Unaccompanied orphans are the most vulnerable population, whose sociological, psychological, and legal needs have been far from being met. There are two types of unaccompanied orphans: Unaccompanied Refugee Minors (URM) and Unaccompanied Alien Children (UAC). Even though both URM and UAC are unaccompanied minors, one group enjoys protection as a legal resident, while the other is treated as an undocumented alien.
Most of URM are brought from overseas to the United States through the State Department program, which grants these children a resettlement in the U.S. due to the lack of long-term care. However, there is a small group that composes only 2.3% of the URM population: the unaccompanied alien children (UAC) who entered the U.S. by themselves and whose asylum applications are approved the U.S. Citizenship and Immigration Services (USCIS). This paper focuses exclusively on this small number of children: UAC Orphans Asylum Applicants, in short UOAA.
The exact number of UOAA is not known. However, UOAA compose of children who fall into two groups. First intersection group is the UAC filing for asylum. In FYs 2011-2013, a total of 1,800 UAC filed for Asylum, resulting in about 300 approvals. On average, that is 600 UAC filing for asylum each year once arriving in the U.S. The second intersection group is UAC orphans. In FY 2014, 96% of UAC were released to parents, guardians, or relatives in the U.S. That leaves 4% of UAC in the custody of the Office of Refugee Resettlement (ORR), without being united with families. In FY 2014, 4% of UAC in the ORR custody accounted for 2,320 orphans. In other words, while the majority of UAC are released to parents or legal guardians or relatives in the U.S., there are several thousand orphans who do not have any parent, legal guardian, or relatives in the United States.
Whether reunified with family member or not, there is no legal term for an unaccompanied child who is orphaned in the U.S. and filing the asylum application on her own. This amorphous group simply marks the intersection of two groups above. Thus, it is hard to numerically ascertain exactly how many children fall into both groups, one thing is certain. There is a limited number of children who fall into the intersection group, which this paper designate these children as “Unaccompanied Orphan Asylum Applicants” (UOAA).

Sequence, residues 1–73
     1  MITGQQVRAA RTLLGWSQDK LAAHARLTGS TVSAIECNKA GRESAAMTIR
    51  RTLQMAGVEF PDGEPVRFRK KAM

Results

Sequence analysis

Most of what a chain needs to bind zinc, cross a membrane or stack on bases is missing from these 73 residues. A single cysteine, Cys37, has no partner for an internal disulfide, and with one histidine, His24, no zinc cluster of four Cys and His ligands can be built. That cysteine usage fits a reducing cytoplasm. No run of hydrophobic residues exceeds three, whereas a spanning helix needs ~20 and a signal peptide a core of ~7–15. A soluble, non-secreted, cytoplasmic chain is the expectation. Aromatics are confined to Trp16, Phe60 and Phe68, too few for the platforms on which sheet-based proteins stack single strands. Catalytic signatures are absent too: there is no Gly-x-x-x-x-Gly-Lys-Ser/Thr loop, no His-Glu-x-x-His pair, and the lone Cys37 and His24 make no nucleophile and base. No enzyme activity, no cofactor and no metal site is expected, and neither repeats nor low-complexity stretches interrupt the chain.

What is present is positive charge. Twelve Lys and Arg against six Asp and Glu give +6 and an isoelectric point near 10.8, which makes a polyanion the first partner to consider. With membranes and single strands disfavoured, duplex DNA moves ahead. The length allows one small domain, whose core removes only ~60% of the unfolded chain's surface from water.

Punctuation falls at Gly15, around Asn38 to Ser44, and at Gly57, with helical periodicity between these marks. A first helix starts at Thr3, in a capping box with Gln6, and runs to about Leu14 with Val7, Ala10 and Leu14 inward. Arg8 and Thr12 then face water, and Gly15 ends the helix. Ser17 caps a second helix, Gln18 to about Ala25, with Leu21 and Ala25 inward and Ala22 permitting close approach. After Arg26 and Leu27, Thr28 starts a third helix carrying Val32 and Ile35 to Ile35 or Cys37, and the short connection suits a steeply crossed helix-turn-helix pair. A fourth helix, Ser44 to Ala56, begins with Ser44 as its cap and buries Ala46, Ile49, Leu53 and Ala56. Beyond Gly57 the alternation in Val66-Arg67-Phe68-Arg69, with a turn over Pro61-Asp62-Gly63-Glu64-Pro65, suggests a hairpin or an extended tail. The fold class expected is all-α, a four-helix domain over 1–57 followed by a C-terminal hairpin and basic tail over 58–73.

When the UOAA’s asylum application is approved, the child can receive care as an URM, who has full access to a state’s foster care system. However, the current United States immigration law fails to sufficiently guarantee protection for UOAA during the asylum process, and it fails to address special problems inherent for unaccompanied minors.
As a solution, this thesis proposes ways that the United States can improve its procedural system and revise substantive law to better guarantee and protect the rights of these children, who are fleeing from persecution and have no parents or guardians in the U.S. Procedurally, the United States should adopt some of the European Union’s UAC policy to comply with the international principles consistent with the Best Interests of Child standard. The policy can be divided into three stages: (1) at the entrance on the border; (2) while in the U.S. and in the court system; and (3) at the removal procedure. Substantively, the United States should revise the Immigration and Nationality Act’s refugee definition for UAC orphans who are fleeing from the gang violence in Central America, so that UOAA can access fair opportunity in the American immigration system.
|Commitee:||Anjo, Julie, McKee, Kathleen A.|
|Department:||School of Law|
|School Location:||United States -- Virginia|
|Source:||MAI 56/04M(E), Masters Abstracts International|
|Subjects:||Law, International law|
|Keywords:||European Union asylum, Gang asylum, Immigration law, Unaccompanied alien children, Unaccompanied children, Unaccompanied refugee minors|
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